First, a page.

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Cracking Manifolds... er Wastegates
Some discussion on where to put the wastegate pickup and the FV vs the spring
pressure confirms my earlier concerns (QLCC posts earlier this year)
regarding the proper setup for the turbo cars in this respect:
* New Documented turbo terminology: Wastegate "Cracking" - Corky Bell's
definition of the baseline spring pressure at which the WG valve first moves
off closed position. (I referred to this in earlier posts as WG "bleed,"
describing the same concept). This is due to a combination of two things,
very fast turbo spoolup speeds and/or pulsations in the turbo MAP surge line
causing non linear boost levels at the WG feed line (turbo surging or surge
line). The concept really boils down to this: A WG with a higher "cracking"
point tends to make the turbo work less hard to achieve boost, creates less
heat, and adds more bottom end torque. Those 3 items sound good, good and
better to me.
My intepretation and concern earlier voiced, was that turbos, especially
modified ones (btdt x alot) tend to cause a greater amount of cracking due to
a relatively fast boost efficiency curve on the turbo MAP. A heavy wastegate
spring tends to put the cracking higher in the boost range, since there,
additional pressure at the manifold is available to counteract cracking.
This method would require consideration of safeguards: 1) The addition of a
Adj wastegate spring perch 2) The desire for a HKS boost controller, since
this toy can create a counter-pressure tunable to rpm range (i.e. keep the
turbo below the surge line, and maintain high turbo MAP efficiency) 3) the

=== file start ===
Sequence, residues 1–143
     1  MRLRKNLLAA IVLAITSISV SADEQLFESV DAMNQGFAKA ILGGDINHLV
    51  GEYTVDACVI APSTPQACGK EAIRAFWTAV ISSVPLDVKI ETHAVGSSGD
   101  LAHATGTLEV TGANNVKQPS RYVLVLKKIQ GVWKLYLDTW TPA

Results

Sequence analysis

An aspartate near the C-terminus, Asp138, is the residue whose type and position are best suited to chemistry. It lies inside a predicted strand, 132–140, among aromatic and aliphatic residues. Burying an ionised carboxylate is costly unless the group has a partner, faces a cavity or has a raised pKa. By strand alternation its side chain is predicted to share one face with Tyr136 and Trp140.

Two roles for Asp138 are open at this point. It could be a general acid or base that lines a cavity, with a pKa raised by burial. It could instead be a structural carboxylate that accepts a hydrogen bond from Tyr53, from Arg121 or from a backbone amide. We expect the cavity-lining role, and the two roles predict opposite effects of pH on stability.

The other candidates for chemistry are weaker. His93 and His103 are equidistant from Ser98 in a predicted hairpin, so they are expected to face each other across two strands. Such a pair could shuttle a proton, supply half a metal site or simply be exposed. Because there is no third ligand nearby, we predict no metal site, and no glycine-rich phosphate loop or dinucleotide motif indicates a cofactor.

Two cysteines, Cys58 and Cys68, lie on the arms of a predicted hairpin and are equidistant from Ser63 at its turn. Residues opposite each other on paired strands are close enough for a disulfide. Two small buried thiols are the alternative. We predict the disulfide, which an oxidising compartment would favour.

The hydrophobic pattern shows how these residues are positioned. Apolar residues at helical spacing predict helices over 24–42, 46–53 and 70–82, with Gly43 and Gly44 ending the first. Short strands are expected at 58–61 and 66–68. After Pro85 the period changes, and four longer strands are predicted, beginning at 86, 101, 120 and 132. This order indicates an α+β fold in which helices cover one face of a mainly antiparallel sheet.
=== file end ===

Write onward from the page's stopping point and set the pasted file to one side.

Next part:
desire for an absolute boost pressure ground switch to the FPR, precluding
(read cheaper) the need for a true Absolute Pop-off Valve.
Given the non-ideal placement of the wastegate, combined with the relatively
small WG top pressure tap, the FV approach might have more downsides than
just the need for more baseline spring pressure. At altitude (see my "Turbos
at Altitude" post 7-26-96), the differences probably offset: The FV delay
and WG exhaust tap from #5 cylinder offset by the danger of more baseline
spring pressure on an absolute (altitude compensating) computer. Certainly,
the common available tuners boxes include that spring, and many QLCC kids are
learning this as well.
My suggestion on MC motors: Get the heavier spring. If you can afford it,
go with the HKS boost pressure regulator (expensive). Beyond that, a larger
tap into the WG cap might be a better/faster way to address top pressure.
Regardless, the tap for top pressure is BEST at the same tap as the lower
part of the WG. Here it has the fastest response, and on the MC motor,
probably doesn't heat soak the charge air as fast as some would lead you to
believe. Another consideration would be to just change the FV chip tables to
restrict boost at the bottom (ala 20vt cars) of the WG, and leaving the top
vented to atmosphere. This seems like a relatively easy mod, since most QLCC
chips already modded that table. Given the above, probably worth
On the S4/200/S6 the WG tap is at the Compressor Outlet, which offers the
slowest response, but also the least heat soak, a very touchy subject with
the k24 based turbines. This k24 address is also accounted for in the WG
design by audi, the 20vt motors use WG FV regulation on the bottom side of
the turbine, which really negates the need for a huge anti-cracking spring.
However, I do notice that just about all the stage III computers for the
20vt cars include a stiffer WG spring, so some cracking must still occur with
the really high boost levels.
That dumb spring just seems to look better and better in the grand scheme of
things when modding the computers on audi turbocars.